Beginning January 1, 2018, Santa Clara’s minimum wage increase will be tied to a set schedule, rather than the consumer price index (“CPI”). The minimum wage will increase to $13/hour in 2018, and $15/hour in 2019.  In 2020, minimum wage increases will then be based on the regional CPI going forward.  Employers should begin preparing for the wage increase and adjusted posting requirement.


Connecticut: Anti-Discrimination Protections Expanded for Veterans

Effective October 1, 2017, SB 917 amends a significant number of regulations governing employment, public accommodations, sale/rental of housing, etc., to extend greater anti-discrimination protections to veterans.  The bill is enforced by the Commission on Human Rights and Opportunities, to which aggrieved veterans can bring complaints.

Private and public employers of three or more workers may not discriminate against an employee or applicant on the basis of their veteran status.  In addition, employees who currently serve in the National Guard must be permitted to take time off work during regular working hours to perform ordered duties, including participation in meetings or drills.  Employers cannot deduct vacation or holiday privileges, reappoint employees or retaliate against service members participating in drills.

Employers can review the text of the bill here.


Georgia: Amended Law Now Preempts Predictive Scheduling Ordinances

House Bill 243 expands a pre-existing Georgia minimum wage law, which already prohibited sub-state localities (e.g., counties, municipal corporations, and consolidated governments) from passing local mandates that require employers to offer employee wages or benefits that are more generous than those required by state or federal law.

“Employee benefits” are defined as “anything of value that an employee may receive from an employer in addition to wages and salary.”  Examples of employee benefits under this definition include things like health benefits, disability benefits, sick leave, vacation, and so forth.  HB 243 expands the definition to include “additional pay based on schedule changes.”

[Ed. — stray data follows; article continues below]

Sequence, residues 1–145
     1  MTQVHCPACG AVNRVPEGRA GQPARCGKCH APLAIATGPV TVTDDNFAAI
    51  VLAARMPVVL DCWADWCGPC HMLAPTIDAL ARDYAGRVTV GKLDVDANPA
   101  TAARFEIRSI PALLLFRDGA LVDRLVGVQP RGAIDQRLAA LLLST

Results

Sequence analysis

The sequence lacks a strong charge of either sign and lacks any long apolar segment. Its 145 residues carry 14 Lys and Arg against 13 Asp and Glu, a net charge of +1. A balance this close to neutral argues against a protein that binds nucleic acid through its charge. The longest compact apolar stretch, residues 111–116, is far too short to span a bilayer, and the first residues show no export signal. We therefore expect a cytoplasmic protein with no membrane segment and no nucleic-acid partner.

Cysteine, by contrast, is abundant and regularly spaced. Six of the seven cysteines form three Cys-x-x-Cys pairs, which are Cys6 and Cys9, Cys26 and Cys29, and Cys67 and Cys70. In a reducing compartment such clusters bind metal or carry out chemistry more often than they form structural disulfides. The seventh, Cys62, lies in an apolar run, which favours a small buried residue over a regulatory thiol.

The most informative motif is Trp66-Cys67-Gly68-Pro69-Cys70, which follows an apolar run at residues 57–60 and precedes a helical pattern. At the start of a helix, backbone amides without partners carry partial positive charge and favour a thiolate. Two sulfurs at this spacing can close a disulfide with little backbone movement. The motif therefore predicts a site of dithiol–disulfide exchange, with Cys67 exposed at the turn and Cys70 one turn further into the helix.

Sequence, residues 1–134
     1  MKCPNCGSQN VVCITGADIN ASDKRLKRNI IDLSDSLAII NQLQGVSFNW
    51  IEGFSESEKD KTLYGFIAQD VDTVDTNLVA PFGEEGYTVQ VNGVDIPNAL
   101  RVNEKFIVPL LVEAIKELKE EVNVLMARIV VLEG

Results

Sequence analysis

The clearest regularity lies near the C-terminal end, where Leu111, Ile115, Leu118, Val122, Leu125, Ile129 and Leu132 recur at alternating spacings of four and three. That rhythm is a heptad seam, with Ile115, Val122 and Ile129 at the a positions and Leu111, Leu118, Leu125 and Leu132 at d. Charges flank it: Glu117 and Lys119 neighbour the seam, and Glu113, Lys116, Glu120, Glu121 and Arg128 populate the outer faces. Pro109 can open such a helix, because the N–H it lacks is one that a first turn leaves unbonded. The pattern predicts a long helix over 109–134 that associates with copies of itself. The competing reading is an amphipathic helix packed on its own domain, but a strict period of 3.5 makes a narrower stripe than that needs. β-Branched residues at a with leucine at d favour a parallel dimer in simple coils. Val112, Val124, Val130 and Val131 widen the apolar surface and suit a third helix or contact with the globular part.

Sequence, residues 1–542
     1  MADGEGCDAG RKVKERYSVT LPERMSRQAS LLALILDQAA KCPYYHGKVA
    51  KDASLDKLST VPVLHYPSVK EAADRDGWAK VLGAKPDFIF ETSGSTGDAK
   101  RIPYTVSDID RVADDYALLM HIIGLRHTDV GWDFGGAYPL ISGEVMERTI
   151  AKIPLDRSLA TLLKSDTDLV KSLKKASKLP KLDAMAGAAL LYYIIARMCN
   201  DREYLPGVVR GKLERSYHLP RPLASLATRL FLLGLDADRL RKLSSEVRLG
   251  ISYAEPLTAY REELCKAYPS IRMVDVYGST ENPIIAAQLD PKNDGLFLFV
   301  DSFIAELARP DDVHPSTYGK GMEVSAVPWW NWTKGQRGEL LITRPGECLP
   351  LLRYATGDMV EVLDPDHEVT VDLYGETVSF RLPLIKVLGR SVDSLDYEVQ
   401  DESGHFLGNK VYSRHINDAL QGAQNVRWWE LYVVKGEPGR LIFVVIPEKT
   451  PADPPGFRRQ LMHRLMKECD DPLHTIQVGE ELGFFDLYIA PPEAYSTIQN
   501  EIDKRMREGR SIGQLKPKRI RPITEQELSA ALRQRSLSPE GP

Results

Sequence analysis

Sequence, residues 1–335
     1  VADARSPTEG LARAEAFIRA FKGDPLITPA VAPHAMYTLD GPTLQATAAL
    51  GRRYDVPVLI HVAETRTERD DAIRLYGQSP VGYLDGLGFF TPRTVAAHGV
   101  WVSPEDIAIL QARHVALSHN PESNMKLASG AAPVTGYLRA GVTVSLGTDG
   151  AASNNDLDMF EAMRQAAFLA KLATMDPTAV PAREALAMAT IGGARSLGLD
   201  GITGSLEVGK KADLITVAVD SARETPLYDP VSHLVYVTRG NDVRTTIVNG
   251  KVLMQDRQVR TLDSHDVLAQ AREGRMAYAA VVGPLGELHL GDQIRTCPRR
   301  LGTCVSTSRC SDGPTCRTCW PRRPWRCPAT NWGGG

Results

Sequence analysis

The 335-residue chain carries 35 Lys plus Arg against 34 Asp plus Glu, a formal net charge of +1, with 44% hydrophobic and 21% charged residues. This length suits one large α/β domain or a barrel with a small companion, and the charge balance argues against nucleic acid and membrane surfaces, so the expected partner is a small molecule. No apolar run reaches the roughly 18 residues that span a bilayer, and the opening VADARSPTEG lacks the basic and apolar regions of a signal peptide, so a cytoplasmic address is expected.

This amendment effectively prevents local governments from implementing predictive scheduling ordinances, which typically require employers to follow strict regulations for scheduling employee shifts, or pay penalties when sudden shift changes occur.  Georgia thus joins a number of other states (including Arkansas, Minnesota, Missouri, South Carolina, and Tennessee) in passing preemption bills to counter predictive scheduling legislation.


New Jersey:  Anti-Discrimination Protections for Military and Veterans Expanded

Effective August 7, 2017, Senate Bill S726 expands the New Jersey Law Against Discrimination’s (“NJLAD”) protections to United States Armed Forces members and veterans.  Previously, the NJLAD offered limited protection for members of the Armed Forces under certain provisions.  The expanded NJLAD offers the same level of anti-discrimination protection for military personnel as other protected classes, which includes anti-discrimination in employment, housing, lending practices, public accommodations, and more.

Employers should have their procedures and policy documents reviewed for compliance with the expanded NJLAD.


New York: Guidance on Tax Treatment of PFL Contributions and Benefits now Available

The New York Department of Taxation and Finance (“DOTF”) recently issued the following guidance on taxing employee wages under the state’s new Paid Family Leave Program: (1) paid benefits are taxable non-wage income included in federal gross income; (2) taxes will not be automatically withheld from benefits, but employees can request voluntary tax withholding; (3) premiums will be deducted from employees’ after-tax wages; (4) employers must report employee contributions in Box 14 on Form W-2; and (5) benefits should be reported by the State Insurance Fund on IRS Form 1099-G and by all other payers on IRS Form 1099-MISC. The notice can be viewed in full here.